I realized that when I visited a family member’s house where I tended to give in to sweets, the most usual or initial food I was tripped up on was chocolate. Next time I visited I stopped at a market before going to the house and bought some of my favorite cheese and cold cuts. Now I had something to respond to the cue.

I further realized that chocolate was almost always what tripped me up because I can do some chocolate at home, very dark 85% chocolate to which I add some sliced almonds or coconut, and don’t over eat. Away from home the chocolate had a lot of sugar, and that I cannot or will ever be equipped to handle.

Now it will probably take more than one time to make the shift, but if you are determined, you can do it.

Yours in changing unhealthy habits,

Nan aka Sugarbaby

Stress Can Cause Cravings

I have been doing exceptionally well staying very low carb, and not feeling cravings. Some days ago, though, I received a call early in the morning telling me that my youngest sibling had died, which was expected since he had advanced cancer, but I as we do even when we think the passing is a blessing, I was very sad, cried, and was mourning that little boy of our childhood who lives so brightly in my mind.

Later that evening I found myself overwhelmed with cravings. I managed by eating good things, and not having a carb binge, but it took some effort. I was very surprised by this, considering how well I’ve been doing. Further, this kind of sadness often works just the opposite in me, and I lose my desire for food; so this seemed almost obscene to me.

I mention this because we all have lives of ups and downs, sorrows and joys, and that vast array of emotions that come with living.  Just a few years ago I would  have descended into a sugar-starch binge from such cravings, but I didn’t this time because I have a plan. I did eat more, but it was all the right kind of food.

We can never know exactly how we will react to the stresses in our lives, but knowing that a common reaction to stress is an increased craving for high carb foods at least gives us some armor.

Yours in loss,

Nan aka Sugarbaby

Avoid Substitute Treat-Foods Like the Plague

One of the most common things you read on no-sweet, low carb, paleo-primal, and all other such blogs, is all the ways to make substitutes for all the junk/gluten/sugar/starch treats people have had trouble with before, and will keep having trouble with by trying to cook up faux treats.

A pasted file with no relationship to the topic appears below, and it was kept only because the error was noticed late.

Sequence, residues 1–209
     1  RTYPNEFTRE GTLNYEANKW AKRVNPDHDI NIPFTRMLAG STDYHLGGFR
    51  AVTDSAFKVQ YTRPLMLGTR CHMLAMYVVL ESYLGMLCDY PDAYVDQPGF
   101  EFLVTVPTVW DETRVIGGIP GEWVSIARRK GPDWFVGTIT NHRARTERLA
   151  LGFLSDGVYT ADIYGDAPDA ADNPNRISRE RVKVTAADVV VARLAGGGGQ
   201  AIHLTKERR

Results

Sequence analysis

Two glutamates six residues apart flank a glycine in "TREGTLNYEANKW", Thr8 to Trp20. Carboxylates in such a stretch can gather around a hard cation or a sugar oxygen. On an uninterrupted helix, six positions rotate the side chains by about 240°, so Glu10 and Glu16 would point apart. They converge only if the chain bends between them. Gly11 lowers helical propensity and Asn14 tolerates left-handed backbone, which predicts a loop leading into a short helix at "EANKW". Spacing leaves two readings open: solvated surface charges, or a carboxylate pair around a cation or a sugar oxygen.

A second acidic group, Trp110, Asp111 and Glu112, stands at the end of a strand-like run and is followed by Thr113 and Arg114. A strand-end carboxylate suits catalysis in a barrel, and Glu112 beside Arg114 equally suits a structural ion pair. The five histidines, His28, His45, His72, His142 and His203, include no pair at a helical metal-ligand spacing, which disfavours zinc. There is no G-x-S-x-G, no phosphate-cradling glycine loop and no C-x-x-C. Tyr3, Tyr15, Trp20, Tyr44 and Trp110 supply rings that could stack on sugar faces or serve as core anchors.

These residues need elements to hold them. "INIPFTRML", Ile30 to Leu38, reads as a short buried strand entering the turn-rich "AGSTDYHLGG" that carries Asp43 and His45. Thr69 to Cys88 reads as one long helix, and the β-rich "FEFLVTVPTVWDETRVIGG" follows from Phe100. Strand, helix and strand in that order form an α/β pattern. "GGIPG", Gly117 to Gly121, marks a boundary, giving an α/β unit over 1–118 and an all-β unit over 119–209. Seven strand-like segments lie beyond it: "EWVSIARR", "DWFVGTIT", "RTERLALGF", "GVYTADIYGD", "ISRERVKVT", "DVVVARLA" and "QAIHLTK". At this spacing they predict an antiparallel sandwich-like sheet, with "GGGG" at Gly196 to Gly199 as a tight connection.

I know some people seem to have control over these, but most do not, especially not anyone who identifies with being a sugaraholic. Trying to create faux sweets and other such substitutes  is the epitome of trying to eat your cake and have it, too. Just doesn’t work. If you would eat a whole batch of regular cookies, chances are very good you will eat a whole batch of faux treats.

The best, smartest, and EASIEST way to get over a problem with sweets/carbs is to turn your back on them. You don’t need them, they don’t taste that good anyway, and if your bigger goal is to be healthy, slim, and free of the cravings, then give up the substitutes.

I’ve had to learn this the hard way; my weight loss would stall using almond bread, for example. Not surprising really, since bread, cookies, and cakes made with almond flour are very high calorie, and often hard on the digestive system. Plus, these foods also can lead to binges on the real thing, since you keep in your mind the idea of bread, cookies, candy, etc.

I’m not an absolutist about diet, so if you can in fact find a couple of things you can enjoy as desserts and not over use them, that’s great. For me ice cream is something I can make that is very satisfying and I’m happy with a small serving.

The psychology of food and eating is very important, and needs to be understood alongside the desire to eat well. Someone came up with the acronym JERF, for just eat real food; that’s the best goal. Eat real food and keep the idea of treats as something rare and even unnecessary.  My present goal is to be an A-1 Jerf-er, and keep away from the temptations that are purely replacements for the old sugary-starchy foods. If we have learned anything about substitutions, and we know from studies on the effects of artificial sweeteners, that people actually eat more, and gain more weight in diets high in them.

My advice: avoid substitutes like the plague. Eliminating such food will make our lives far easier, and we will be leaner and healthy for it.

Yours in learning,

Nan aka Sugarbaby